Error analysis
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  • 1. Dolly Ramos G
  • 2.  In the 1950s, American linguist Robert Lado began to study errors systematically and developed theories about errors—contrastive analysis. The best way to investigating L2 is by collecting evidence of learners Lg. Why focus on what is wrong rather than what is right. Three reasons: (Corder 981) 1. More evident/ how much ss have learnt 2. Useful for teachers & researcher 3. Learners can learn/ discover from errors
  • 3.  Productive errors are those  Receptive or interpretive errors which occur in the language are those which result in the learners utterances. listeners misunderstanding of the speakers intentions. Errors are made by: Children = transitional errors L2 learners= unwanted error Native Adults= Slips
  • 4.  Researcher and teachers begun to undesrtand that L2 learning was: • Creative / constructive process/ intelligent • Constant hypothesis testing/ make senseThru sources of knowledge (to provide order to ss Lg system) Communicative Target Lg Native Lg Functions Lg in general Life universe
  • 5. CA= compares languages to determine potential errors and identify what needs to be learned and what does not.A priori or strong view:A posterior or weak view: Sought to predict and sees error primarily as a result of L1interference EA Corder (1981) suggested to Error analysis collection identification description explanation evaluation
  • 6. Errors are learners attempt to come closer to the target languageCorder= four (4) stages of error Ramdom = vaguely aware of the lg system Emergent = start recognizing (backsliding) Systematic = lg is approximate to Tlg(self correct) Stabilization = less erros. Mastered the Tlg
  • 7.  Certain forms which are acceptable in some situations are not acceptable in others. • For example, young women in their late teens and beyond do not like to be referred to as girls , in English, preferring the term women instead. pragmatic errors.
  • 8. A procedure for analysing second language data which begins with the errors that learners make and attempts to explain them. It uses the target language as the point of comparison.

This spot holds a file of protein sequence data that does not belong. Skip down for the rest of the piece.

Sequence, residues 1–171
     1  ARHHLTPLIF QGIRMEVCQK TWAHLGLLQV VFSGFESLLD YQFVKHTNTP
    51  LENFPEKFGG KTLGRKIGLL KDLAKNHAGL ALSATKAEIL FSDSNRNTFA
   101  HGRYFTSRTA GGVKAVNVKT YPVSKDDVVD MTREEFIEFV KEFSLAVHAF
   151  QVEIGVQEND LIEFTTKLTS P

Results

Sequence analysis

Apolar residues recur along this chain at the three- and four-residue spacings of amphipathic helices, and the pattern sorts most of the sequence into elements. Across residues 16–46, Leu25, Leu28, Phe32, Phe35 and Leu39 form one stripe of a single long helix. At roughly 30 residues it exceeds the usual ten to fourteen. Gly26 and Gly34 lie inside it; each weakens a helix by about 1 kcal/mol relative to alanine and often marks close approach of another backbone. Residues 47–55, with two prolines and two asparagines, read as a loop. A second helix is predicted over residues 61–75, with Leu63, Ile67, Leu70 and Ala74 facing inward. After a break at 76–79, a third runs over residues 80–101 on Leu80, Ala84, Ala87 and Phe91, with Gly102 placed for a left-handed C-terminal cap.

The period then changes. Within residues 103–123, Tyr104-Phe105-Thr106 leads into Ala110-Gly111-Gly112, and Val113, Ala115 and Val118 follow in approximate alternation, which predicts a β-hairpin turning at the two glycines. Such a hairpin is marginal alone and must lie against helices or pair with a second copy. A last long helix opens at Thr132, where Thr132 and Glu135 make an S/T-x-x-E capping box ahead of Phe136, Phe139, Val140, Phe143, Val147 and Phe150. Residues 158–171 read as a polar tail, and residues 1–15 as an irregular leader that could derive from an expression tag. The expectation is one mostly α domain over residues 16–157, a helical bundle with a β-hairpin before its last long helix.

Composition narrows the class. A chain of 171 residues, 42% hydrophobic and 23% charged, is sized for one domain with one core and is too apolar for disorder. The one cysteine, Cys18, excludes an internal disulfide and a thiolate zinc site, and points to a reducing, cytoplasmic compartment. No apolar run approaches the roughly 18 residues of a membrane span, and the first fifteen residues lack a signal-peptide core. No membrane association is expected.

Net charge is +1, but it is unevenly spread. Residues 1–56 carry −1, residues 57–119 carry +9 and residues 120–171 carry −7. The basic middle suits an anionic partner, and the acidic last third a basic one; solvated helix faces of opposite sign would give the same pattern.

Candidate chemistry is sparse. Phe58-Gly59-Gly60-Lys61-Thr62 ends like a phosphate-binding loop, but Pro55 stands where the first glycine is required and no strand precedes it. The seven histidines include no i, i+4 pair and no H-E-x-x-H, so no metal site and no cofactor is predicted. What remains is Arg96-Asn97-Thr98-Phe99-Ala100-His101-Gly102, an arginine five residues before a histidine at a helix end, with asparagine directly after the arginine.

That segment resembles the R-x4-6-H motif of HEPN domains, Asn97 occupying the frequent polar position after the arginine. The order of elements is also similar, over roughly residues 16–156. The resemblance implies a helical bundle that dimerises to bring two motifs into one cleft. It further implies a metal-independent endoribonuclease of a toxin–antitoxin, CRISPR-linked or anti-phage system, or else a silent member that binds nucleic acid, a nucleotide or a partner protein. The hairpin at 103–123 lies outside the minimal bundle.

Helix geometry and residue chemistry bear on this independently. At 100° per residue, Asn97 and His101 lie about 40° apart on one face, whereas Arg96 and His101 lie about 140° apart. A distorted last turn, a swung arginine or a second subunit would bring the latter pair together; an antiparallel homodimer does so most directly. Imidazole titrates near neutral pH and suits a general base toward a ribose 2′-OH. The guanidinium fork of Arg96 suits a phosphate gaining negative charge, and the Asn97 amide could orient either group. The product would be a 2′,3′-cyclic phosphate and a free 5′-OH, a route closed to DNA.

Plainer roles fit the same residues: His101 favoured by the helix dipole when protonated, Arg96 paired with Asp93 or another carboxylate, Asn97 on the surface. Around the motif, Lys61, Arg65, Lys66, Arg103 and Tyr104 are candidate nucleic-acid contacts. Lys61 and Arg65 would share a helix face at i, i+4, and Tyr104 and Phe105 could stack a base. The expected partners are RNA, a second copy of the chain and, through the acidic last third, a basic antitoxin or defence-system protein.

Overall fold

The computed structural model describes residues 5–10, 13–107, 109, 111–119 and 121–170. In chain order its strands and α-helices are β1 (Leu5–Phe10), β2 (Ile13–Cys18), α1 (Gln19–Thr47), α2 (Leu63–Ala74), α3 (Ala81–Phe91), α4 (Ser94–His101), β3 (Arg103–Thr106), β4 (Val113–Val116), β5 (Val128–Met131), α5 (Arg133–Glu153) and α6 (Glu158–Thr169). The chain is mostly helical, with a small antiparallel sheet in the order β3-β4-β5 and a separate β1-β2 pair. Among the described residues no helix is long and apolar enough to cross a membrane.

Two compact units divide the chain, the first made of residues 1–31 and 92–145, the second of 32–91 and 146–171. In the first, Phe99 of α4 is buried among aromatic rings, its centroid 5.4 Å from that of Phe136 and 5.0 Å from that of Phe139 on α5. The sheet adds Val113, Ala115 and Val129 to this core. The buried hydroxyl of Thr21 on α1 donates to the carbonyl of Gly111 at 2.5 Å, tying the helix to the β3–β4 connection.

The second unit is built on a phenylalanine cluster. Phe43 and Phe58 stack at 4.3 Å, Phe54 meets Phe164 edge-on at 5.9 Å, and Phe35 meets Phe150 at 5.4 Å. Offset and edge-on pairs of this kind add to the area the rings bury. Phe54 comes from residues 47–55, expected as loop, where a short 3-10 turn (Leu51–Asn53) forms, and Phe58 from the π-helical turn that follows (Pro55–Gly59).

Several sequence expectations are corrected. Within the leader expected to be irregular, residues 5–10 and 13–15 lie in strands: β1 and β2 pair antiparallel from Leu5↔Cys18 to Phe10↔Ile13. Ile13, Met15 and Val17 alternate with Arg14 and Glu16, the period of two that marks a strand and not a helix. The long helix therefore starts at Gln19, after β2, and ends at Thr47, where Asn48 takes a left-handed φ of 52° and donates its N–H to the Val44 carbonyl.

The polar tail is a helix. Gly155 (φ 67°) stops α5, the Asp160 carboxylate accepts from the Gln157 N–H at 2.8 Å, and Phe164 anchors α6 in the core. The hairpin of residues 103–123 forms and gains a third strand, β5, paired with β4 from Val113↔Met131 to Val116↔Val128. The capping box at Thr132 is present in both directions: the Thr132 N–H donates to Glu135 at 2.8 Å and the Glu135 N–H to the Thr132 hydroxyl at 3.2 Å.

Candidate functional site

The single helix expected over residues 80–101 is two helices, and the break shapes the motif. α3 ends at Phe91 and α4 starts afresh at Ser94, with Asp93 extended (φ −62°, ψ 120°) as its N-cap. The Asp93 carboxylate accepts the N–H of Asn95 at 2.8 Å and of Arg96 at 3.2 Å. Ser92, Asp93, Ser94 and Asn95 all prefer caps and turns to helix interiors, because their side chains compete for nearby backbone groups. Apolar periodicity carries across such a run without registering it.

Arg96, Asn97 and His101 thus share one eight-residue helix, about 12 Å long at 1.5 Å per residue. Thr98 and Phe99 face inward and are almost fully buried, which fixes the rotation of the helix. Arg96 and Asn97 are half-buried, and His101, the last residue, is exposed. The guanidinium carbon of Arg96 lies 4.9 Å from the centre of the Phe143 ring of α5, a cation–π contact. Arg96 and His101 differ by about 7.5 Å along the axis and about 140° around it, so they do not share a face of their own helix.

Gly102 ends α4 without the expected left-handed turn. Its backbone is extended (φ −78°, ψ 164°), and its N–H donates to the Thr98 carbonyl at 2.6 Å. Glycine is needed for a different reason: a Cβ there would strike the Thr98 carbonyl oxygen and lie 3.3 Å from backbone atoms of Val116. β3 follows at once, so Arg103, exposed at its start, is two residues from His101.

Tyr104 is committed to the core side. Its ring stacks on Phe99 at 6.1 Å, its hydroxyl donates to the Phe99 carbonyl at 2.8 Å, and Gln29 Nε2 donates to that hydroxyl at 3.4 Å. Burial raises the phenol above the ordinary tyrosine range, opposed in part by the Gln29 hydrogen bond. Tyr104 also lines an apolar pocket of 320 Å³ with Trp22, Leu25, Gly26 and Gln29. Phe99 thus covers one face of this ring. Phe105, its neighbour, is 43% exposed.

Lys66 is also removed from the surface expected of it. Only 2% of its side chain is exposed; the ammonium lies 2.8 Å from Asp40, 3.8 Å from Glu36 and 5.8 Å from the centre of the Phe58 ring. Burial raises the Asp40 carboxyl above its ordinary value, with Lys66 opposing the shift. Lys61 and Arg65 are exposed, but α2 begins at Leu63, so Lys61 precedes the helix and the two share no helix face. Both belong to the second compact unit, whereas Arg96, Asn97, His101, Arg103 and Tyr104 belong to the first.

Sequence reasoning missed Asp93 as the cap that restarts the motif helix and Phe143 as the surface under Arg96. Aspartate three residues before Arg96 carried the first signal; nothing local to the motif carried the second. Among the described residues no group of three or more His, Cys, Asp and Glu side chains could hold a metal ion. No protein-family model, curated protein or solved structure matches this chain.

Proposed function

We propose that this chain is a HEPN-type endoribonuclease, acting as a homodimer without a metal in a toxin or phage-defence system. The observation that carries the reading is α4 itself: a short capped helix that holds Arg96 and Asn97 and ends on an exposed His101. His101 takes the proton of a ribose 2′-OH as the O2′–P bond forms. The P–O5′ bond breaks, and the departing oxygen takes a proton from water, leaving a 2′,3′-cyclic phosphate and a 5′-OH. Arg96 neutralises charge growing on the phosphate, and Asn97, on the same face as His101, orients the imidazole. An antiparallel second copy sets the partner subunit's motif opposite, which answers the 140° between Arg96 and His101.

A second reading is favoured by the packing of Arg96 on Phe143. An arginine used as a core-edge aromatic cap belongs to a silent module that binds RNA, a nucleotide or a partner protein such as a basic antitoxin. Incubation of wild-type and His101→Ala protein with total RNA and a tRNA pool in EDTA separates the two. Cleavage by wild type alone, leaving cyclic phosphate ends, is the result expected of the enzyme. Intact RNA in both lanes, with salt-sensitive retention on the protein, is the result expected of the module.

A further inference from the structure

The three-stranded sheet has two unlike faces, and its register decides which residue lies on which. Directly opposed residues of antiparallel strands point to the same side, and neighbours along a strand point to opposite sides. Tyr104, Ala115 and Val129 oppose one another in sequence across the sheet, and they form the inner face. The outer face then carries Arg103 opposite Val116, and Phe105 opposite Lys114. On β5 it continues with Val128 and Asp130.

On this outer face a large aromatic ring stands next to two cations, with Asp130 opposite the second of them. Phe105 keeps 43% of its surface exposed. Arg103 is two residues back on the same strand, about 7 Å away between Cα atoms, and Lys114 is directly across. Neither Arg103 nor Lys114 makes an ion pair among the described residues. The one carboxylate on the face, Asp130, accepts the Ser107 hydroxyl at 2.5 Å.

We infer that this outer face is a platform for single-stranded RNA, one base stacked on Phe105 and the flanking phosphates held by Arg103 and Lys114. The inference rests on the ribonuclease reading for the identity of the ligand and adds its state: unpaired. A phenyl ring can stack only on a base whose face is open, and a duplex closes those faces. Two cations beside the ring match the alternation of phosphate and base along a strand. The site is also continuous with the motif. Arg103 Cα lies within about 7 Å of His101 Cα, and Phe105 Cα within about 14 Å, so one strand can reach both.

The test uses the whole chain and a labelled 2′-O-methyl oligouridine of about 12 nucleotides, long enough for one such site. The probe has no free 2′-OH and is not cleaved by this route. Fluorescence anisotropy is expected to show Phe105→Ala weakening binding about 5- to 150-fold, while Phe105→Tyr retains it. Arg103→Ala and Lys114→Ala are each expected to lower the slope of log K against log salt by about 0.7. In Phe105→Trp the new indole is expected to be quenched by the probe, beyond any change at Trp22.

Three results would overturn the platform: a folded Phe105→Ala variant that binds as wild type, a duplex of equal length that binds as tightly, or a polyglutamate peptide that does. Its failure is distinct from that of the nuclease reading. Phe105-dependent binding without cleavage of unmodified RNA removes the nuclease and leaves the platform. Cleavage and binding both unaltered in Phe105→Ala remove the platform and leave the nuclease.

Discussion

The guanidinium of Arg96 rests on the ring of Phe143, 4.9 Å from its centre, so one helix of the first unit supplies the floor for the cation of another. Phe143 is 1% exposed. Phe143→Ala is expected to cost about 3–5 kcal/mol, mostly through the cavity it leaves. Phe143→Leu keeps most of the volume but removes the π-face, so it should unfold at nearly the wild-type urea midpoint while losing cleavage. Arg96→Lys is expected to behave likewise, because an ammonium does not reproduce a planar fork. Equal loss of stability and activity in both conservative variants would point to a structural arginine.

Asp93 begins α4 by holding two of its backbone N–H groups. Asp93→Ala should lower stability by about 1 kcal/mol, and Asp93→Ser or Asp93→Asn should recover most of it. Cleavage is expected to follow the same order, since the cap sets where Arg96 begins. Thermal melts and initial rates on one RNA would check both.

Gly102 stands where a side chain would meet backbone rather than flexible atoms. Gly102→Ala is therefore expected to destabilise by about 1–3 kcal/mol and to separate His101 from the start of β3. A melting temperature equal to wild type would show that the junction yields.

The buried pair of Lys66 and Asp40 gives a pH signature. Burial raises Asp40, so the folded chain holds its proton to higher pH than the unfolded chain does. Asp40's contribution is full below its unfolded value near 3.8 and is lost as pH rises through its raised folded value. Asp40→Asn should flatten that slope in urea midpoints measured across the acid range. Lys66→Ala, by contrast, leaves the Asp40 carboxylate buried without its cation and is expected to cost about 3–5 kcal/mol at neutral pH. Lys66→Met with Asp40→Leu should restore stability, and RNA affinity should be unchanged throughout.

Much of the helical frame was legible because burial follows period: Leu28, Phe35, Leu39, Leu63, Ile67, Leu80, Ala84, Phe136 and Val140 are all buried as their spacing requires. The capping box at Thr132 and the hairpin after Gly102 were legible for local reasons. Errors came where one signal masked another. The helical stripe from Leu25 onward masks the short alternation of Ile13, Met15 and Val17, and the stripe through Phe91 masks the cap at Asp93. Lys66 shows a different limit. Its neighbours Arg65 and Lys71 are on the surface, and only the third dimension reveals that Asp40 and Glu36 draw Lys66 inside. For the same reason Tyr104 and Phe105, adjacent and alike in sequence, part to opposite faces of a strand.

• 9. Interlingual – based on cross-linguistic Put a comparisons(early stages) Transfer attention! !Intralingual – based on language being learned (more advance stages) overgeneralization I Buyed a good book yesterdayContext of Lerning: Teacher/classroom/ material (induced errors, false concepts, misleading explanation) Untutored (sociolinguistic)
  • 10. An error can vary in magnitude It can cover a phoneme, a morpheme, a word, a phrase, a sentence, or even a paragraph LOCAL GLOBAL ERROR ERROR is one which involves "the  is one which affects "a overall structure of a particular element." sentence" Richards, et al. (1985:123)
  • 11. I like take taxi but my  Since the harvest was friend said so not that good, was rain a lot we should be late for last year. school.  The harvest was good If I heard from him I last year, because will let you know. plenty of rain.
  • 12. Mistake: Random performance slip caused by fatigue, excitement, etc. Readily self-corrected.Error: Systematic deviation by learners who have not yet mastered the rules. More difficult to correct. Indication of learner’s attempt to figure out the L2 system Second Language Acquisition 12
  • 13.  omission of some required element addition of some unnecessary or incorrect element selectionof an incorrect element misordering of elements.
  • 14. OMISSION ADDITION pronunciation  Elements A part of speech  * I thinks and * The books is *A strange thing happen to here me yesterday  instead of I think and The book is here ,
  • 15. Selection ordering Pronunciation  pronunciation Morphology • fignisicant instead of Syntax significant Vocabulary  (Morphological) • Hes get upping now She is oldest than me  word order • Hes a dear to me friend,
  • 16.  Correcting mistakes the second the are made. Students often appreciate instant correction. Think about the activity fluency and accuracy Self-/ peer/ teachers correction You are the monitor, take a notes, use the board when, where and how
  • 17.  Missing word Wrong word WW Omit Grammar gr Word order WO Interference I Spelling S Punctuation P Tense T
  • 18.  Fossilization:The relatively permanent incorporation of incorrect linguistic forms into a person’s second language competence.Due to: + and – affective and cognitive feedback “cryogenation” and backslideInternal factorsExternal factors
  • 19.  How is feedback provided 1. Orally 2. Written Types of feedback Affective (kinesthetic) and Cognitive (linguistic)1.Positive= I Like it /I understand2.Negative= I don’t like it / msn not clear (try again)3.Neutral= Waiting/ still processing (try again)
  • 20. A priori or strong view: comparison between languages will predict learning outcomesA posterior or weak view: comparison between languages will help explain learning outcomes, especially errors.